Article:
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Skin Health

The Dangers of Cellulitis

When  NFL defensive end J.J. Watt asked for some skin cream to clear up the bumps on his leg, his trainer got him what he really needed: a trip to the hospital and intensive intravenous antibiotics. That lucky call kept the Pro Bowler in the game.

That’s the scary part of these infections. What may seem like a minor skin problem can develop into an extremely serious medical situation if not treated promptly.

We can’t afford to ignore any cut, no matter how small.

“Cellulitis” is the label for infections triggered when bacteria in our environment gain entry through an opening on our skin – even a small crack we may not be aware of. When people talk about “staph” infections, they’re actually referring to Staphylococcus aureus – one of the bacteria responsible for cellulitis. Others include Streptococcus pyogenes. These bacteria may be harmless elsewhere, but if they get under our skin they can create big health problems.

The American Academy of Dermatology says that about 14.5 million cases are diagnosed each year.

Left untreated, cellulitis bacteria can spread to our blood and lymph nodes – and progress into a life-threatening situation. Obviously that’s very bad news, often requiring hospitalization and intravenous antibiotic treatment. But the good news is that, when treated early, these infections typically clear up with a visit to the doctor and a course of oral antibiotics.

During warmer weather, research shows, cases of cellulitis spike, increasing the need for awareness. If we notice red rash-like spots that change – expand, swell and become warm and tender to the touch – we need to see a doctor ASAP. Early intervention is key because advanced infections can cause permanent damage to the lymph system.

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Here are my suggestions to aid in prevention and early identification of cellulitis infections,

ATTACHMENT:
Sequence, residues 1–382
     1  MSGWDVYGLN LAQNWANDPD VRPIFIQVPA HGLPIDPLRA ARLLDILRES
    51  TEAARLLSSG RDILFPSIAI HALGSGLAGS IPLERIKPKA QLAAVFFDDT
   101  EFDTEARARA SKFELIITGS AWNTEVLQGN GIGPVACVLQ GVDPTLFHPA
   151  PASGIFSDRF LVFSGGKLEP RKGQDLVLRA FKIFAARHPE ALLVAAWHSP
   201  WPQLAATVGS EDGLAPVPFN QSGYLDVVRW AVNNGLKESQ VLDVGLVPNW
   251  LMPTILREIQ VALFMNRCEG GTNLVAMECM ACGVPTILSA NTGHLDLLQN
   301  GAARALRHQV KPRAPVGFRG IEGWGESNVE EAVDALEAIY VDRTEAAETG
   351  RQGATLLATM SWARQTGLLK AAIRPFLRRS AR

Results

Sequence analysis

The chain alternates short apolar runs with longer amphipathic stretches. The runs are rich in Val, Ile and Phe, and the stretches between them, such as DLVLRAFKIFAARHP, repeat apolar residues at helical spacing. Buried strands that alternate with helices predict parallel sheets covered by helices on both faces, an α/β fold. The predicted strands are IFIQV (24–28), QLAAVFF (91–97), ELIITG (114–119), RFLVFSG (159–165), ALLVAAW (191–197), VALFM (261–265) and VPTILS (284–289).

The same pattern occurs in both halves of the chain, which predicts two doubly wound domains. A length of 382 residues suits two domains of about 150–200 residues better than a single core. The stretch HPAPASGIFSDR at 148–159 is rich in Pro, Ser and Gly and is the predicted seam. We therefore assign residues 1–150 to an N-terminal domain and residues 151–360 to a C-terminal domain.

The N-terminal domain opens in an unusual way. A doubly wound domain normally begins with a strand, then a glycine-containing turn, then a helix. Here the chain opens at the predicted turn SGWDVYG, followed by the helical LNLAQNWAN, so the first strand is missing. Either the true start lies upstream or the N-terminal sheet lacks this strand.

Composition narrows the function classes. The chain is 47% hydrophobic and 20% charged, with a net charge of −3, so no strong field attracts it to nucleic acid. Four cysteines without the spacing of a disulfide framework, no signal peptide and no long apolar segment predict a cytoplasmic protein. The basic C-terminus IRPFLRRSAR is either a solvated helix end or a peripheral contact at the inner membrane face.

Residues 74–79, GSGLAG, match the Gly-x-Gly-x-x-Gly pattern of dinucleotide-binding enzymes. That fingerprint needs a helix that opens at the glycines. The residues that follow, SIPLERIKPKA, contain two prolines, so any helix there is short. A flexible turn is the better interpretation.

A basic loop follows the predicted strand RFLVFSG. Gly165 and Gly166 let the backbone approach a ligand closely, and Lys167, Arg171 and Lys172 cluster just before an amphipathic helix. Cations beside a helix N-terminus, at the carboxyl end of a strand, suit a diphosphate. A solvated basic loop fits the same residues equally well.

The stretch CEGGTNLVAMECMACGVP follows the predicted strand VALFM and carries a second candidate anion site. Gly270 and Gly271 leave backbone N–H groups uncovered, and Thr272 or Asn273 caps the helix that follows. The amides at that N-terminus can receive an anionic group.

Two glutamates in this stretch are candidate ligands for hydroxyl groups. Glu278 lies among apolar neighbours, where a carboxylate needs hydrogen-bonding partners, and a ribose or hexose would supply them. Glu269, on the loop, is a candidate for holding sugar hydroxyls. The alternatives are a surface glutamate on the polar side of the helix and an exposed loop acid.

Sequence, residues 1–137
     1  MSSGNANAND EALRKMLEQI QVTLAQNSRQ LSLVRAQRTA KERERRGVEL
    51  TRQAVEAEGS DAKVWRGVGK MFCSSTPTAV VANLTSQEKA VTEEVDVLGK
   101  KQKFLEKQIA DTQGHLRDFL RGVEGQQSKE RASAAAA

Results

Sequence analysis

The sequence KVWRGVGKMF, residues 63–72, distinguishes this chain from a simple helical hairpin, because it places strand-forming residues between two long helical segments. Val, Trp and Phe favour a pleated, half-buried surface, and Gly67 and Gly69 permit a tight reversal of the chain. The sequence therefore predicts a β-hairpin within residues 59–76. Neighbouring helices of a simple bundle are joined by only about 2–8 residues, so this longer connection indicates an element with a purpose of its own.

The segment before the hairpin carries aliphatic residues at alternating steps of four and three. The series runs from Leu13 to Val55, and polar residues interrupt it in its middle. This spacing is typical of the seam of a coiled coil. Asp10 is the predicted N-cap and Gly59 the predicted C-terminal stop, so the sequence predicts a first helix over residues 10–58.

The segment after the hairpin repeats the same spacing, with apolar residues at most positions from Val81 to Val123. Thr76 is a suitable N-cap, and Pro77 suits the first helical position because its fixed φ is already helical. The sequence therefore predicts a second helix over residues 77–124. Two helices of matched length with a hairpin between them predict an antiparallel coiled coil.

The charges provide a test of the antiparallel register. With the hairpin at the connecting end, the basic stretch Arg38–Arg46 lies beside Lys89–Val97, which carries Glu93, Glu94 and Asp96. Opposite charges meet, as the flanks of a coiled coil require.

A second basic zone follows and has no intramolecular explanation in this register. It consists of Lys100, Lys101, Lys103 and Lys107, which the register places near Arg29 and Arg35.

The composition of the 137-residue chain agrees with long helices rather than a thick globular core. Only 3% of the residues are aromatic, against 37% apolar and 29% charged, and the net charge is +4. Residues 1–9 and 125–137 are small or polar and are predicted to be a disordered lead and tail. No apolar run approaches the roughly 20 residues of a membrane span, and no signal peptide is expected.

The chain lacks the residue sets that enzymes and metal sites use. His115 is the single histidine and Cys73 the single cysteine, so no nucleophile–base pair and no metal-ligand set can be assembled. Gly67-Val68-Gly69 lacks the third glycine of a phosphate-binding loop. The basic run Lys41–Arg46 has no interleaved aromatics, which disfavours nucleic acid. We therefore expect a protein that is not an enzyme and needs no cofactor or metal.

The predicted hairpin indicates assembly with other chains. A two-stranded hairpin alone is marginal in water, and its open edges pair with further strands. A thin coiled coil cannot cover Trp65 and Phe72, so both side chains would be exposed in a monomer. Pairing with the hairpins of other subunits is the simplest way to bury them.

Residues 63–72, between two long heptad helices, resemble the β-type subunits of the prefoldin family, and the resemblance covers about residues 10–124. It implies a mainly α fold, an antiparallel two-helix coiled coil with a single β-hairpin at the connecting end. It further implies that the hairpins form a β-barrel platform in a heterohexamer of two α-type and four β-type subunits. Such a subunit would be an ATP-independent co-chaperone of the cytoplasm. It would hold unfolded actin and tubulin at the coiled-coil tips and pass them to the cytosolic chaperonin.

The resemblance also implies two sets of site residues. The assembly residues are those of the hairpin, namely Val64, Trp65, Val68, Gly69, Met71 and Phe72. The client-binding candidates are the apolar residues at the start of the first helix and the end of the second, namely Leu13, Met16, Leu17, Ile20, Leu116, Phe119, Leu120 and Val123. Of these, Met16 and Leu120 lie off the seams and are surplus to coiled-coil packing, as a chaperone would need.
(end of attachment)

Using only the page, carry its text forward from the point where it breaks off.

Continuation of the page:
1. Don’t let a tiny cut become a BIG problem: Every nick deserves attention. Any skin wound requires regular cleaning with soap and water, as well as appropriate protection, such as Vaseline or an antibiotic ointment, and a covering. Unprotected, bacteria can enter very small openings and trigger infection.
  2. Treatment timetable? The sooner, the better: We need to act as soon as we notice an emerging infection. Redness, swelling, tenderness and warmth, as well as any symptoms like fever or fatigue, mean that we need immediate medical attention.
  3. Take care of other skin conditions. Athlete’s foot, eczema, dry skin – problems that cause cracks can allow bacteria in. Addressing these problems can help us to avoid infection.
  4. Understand your risk level: Athletes like J.J. Watt are at a higher risk due to injury and the locker-room environment. There are also several off-field risk factors we need to be aware of, including diabetes, excess weight, circulation problems, lymphedema, and immune-compromising diseases or medicines. Those with higher risk need to practice extra vigilance, in particular regularly checking their feet and legs – places that are especially susceptible to infections.
  5. Practice practical ‘pampering’: Treating our skin and our nails with TLC is more than cosmetic. It can protect our health: Regular moisturizing can prevent the cracks of dry skin. Staying well-manicured can forestall snags and nicks. These steps feel good – and they’re good for us.

 

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